Moving the relationship beyond cricket and curry, India and Australia are poised to hold the inaugural 2+2 dialogue between their foreign and defence ministers in New Delhi that will focus on injecting greater strategic content into the multi-faceted bilateral partnership.
The 2+2 dialogue between India’s External Affairs Minister S. Jaishankar and Defence Minister Rajnath Singh with their Australian counterparts, Foreign Minister Marise Payne and Minister of Defence Peter Dutton will focus on enhancing counter-terror cooperation, interoperability between navies, collaboration between defence industries, cyber security, critical technology and supply chains.
“These inaugural 2+2 discussions are a cornerstone of the Australia-India Comprehensive Strategic Partnership, which is founded on a shared commitment to a secure, stable and prosperous Indo-Pacific region,” said Ms. Payne ahead of the four-country tour, which includes a trip to India.
The changing dynamics in Afghanistan in the wake of the sudden Taliban takeover on August 15 and the formation of a new government in Kabul will figure prominently in 2+2 discussions. Ahead of the dialogue, Australian High Commissioner to India Barry O’Farrell voiced Canberra’s concerns that the new regime created by the Taliban in Afghanistan is not inclusive and includes UN-sanctioned members of the Haqqani Network.
Australia is also working with its partners to ensure a “joined up approach in any engagement with the Taliban”, he said, adding that the current focus is on ensuring that the Taliban permits the safe passage of Australian and other citizens who wish to leave Afghanistan. Australia has evacuated around 4,100 persons from Afghanistan in the wake of the Taliban takeover.
“The Australian government is deeply disappointed by the lack of inclusion in the government’s make-up, particularly the fact that there are no women, no representatives of the [Shia] Hazara community or other ethnic groups, no members of the previous government and two members of the Haqqani [Network], which is a listed terrorist organization,” said the Australian envoy.
India has similar concerns about the new Taliban-led interim government, which despite global pressure remains all-male and Pashtun-dominated. The two strategic partners are expected to join hands in calling for a broad-based inclusive government in Kabul and ask the new regime in Kabul to ensure that the Afghan territory is not used for terror attacks. The composition of the new Taliban government has stirred deep anxiety among India’s diplomatic-security establishment. Anti-India Islamist hardliners like Sirajuddin Haqqani, the suspected mastermind of the 2008 terror attack on the Indian embassy in Kabul, have been included in the Cabinet, exacerbating concerns in New Delhi that the Taliban-ruled Kabul, in league with Pakistan’s military-ISI, may escalate terror attacks against India.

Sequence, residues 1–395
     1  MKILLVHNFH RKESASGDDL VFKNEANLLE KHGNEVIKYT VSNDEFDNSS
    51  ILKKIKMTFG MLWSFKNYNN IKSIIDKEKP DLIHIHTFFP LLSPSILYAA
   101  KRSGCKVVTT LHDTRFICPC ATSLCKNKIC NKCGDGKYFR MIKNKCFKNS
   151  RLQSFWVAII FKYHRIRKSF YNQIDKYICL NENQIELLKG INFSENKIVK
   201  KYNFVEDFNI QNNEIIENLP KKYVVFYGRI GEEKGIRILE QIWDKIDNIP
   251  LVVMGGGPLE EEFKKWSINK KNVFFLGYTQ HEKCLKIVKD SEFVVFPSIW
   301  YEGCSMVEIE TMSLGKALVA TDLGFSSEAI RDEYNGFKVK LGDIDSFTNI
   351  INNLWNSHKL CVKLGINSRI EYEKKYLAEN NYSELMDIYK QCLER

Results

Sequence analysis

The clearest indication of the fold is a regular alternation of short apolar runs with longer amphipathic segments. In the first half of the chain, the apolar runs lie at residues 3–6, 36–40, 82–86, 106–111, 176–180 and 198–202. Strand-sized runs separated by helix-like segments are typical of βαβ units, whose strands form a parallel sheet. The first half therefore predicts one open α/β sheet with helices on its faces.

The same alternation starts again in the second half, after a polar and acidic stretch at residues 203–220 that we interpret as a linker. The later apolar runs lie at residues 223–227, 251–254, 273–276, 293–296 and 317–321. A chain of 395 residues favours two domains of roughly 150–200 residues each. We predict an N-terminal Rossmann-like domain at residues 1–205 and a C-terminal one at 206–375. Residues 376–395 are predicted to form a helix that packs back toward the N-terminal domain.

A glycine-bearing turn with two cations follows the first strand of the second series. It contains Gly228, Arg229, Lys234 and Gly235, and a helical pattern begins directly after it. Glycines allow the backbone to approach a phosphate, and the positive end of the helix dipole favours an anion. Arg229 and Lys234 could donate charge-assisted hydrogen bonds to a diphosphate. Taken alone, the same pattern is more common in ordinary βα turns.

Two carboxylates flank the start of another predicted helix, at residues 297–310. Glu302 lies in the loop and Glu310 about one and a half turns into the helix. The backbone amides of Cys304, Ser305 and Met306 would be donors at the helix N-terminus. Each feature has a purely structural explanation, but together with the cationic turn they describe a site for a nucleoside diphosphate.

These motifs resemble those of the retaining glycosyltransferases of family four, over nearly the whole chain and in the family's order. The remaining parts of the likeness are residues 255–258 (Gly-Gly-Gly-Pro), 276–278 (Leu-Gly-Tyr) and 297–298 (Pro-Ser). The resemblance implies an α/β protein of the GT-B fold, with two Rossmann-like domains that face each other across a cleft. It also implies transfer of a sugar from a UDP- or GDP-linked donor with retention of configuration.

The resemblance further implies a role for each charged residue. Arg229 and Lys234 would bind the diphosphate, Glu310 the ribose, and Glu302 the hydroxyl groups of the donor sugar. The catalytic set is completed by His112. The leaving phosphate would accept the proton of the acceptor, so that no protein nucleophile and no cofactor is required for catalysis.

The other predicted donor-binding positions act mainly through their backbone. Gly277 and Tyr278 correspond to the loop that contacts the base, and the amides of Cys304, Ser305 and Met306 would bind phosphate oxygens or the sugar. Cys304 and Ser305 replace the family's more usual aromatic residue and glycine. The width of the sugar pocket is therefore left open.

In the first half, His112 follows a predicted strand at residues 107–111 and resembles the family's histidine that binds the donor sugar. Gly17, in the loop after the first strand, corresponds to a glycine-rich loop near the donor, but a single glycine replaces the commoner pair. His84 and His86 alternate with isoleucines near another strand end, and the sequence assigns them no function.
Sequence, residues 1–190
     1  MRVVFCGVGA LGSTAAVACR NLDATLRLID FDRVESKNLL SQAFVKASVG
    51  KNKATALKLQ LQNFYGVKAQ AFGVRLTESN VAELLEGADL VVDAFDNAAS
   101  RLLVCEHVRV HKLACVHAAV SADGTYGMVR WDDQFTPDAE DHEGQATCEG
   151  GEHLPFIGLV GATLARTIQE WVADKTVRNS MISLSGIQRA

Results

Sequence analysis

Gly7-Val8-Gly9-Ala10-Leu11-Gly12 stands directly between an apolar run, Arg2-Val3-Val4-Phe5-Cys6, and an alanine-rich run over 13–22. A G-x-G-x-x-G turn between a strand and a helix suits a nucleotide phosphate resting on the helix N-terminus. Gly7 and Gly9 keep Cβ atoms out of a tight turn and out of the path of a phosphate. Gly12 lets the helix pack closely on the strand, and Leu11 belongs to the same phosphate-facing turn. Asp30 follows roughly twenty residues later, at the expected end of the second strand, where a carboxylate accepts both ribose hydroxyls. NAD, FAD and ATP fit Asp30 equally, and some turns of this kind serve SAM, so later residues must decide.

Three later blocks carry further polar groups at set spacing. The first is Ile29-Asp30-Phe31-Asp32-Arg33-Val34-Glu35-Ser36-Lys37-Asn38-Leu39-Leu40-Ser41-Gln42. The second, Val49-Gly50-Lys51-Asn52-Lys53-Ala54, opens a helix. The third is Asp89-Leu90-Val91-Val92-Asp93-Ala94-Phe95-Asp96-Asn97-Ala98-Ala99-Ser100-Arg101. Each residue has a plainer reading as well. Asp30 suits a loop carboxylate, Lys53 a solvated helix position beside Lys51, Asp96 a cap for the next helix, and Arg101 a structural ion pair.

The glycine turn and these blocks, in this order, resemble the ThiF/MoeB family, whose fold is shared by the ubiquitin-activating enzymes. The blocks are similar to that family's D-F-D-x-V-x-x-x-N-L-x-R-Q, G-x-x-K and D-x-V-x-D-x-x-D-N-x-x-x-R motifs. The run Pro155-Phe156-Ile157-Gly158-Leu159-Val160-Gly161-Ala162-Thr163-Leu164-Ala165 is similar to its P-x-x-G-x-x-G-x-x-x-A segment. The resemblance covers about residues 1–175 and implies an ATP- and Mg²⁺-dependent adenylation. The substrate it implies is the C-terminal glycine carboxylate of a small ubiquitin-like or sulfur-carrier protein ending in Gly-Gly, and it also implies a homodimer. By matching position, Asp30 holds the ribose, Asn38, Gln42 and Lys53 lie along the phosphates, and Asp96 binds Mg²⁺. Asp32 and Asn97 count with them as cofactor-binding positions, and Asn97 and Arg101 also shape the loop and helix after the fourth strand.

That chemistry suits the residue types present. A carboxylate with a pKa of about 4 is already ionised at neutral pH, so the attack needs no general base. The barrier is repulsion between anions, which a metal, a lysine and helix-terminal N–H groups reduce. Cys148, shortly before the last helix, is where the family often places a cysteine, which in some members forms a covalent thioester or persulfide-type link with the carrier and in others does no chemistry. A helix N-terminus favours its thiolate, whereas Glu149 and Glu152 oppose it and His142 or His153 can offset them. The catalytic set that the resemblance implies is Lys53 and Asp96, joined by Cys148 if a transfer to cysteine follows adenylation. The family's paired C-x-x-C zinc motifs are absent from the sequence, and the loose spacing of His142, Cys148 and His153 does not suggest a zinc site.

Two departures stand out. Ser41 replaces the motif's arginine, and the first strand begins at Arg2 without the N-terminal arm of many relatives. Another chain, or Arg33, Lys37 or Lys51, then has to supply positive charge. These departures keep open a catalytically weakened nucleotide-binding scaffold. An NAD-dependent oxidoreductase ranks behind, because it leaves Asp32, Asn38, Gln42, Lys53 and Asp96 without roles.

The launch of the 2+2 dialogue is an important milestone in the burgeoning strategic partnership between India and Australia. “The 2+2 dialogue will deepen the India-Australia strategic partnership and enhance interoperability between the navies of the two countries,” Anil Wadhwa, former secretary (East Asia) in India’s Ministry of External Affairs and the author of the Australia Economic Strategy, told India Writes Network.
The 2+2 dialogue will also be watched closely in Beijing as it will focus on promoting freedom of navigation, shaping an inclusive Indo-Pacific, and enhancing collaboration in the Quad – a four-nation grouping which is suspected by Beijing as a gang-up to contain China’s rise.
The intra-Quad cooperation will be high on the agenda as the 2+2 dialogue is taking place barely a fortnight before the first in-person Quad summit of the leaders of India, US, Australia and Japan in Washington. Both Prime Minister Narendra Modi and Australian Prime Minister Scott Morrison are expected to travel to Washington to join the Quad summit hosted by US President Joe Biden. Outgoing Japanese Prime Minister Yoshihide Suga will also join the first in-person Quad summit in Washington.
- Manish Chand is Founder-CEO and Editor-in-Chief of India Writes Network (www.indiawrites.org) and India and World, a pioneering magazine focused on international affairs. He is CEO/Director of TGII Media Private Limited, an India-based media, publishing, research and consultancy company.
- India and the WorldFebruary 17, 2024Munich Security Conference: Jaishankar, Blinken focus on Red Sea, Middle East
- India and the WorldFebruary 14, 2024Munich Security Conference report: Migration, war top security threats
- India and the WorldJanuary 23, 2024With “Ram to Rashtra” mantra, Modi consecrates Ram temple for national renewal
- India and the WorldDecember 19, 2023India’s Moment: Debunking West’s double standards, the Jaishankar way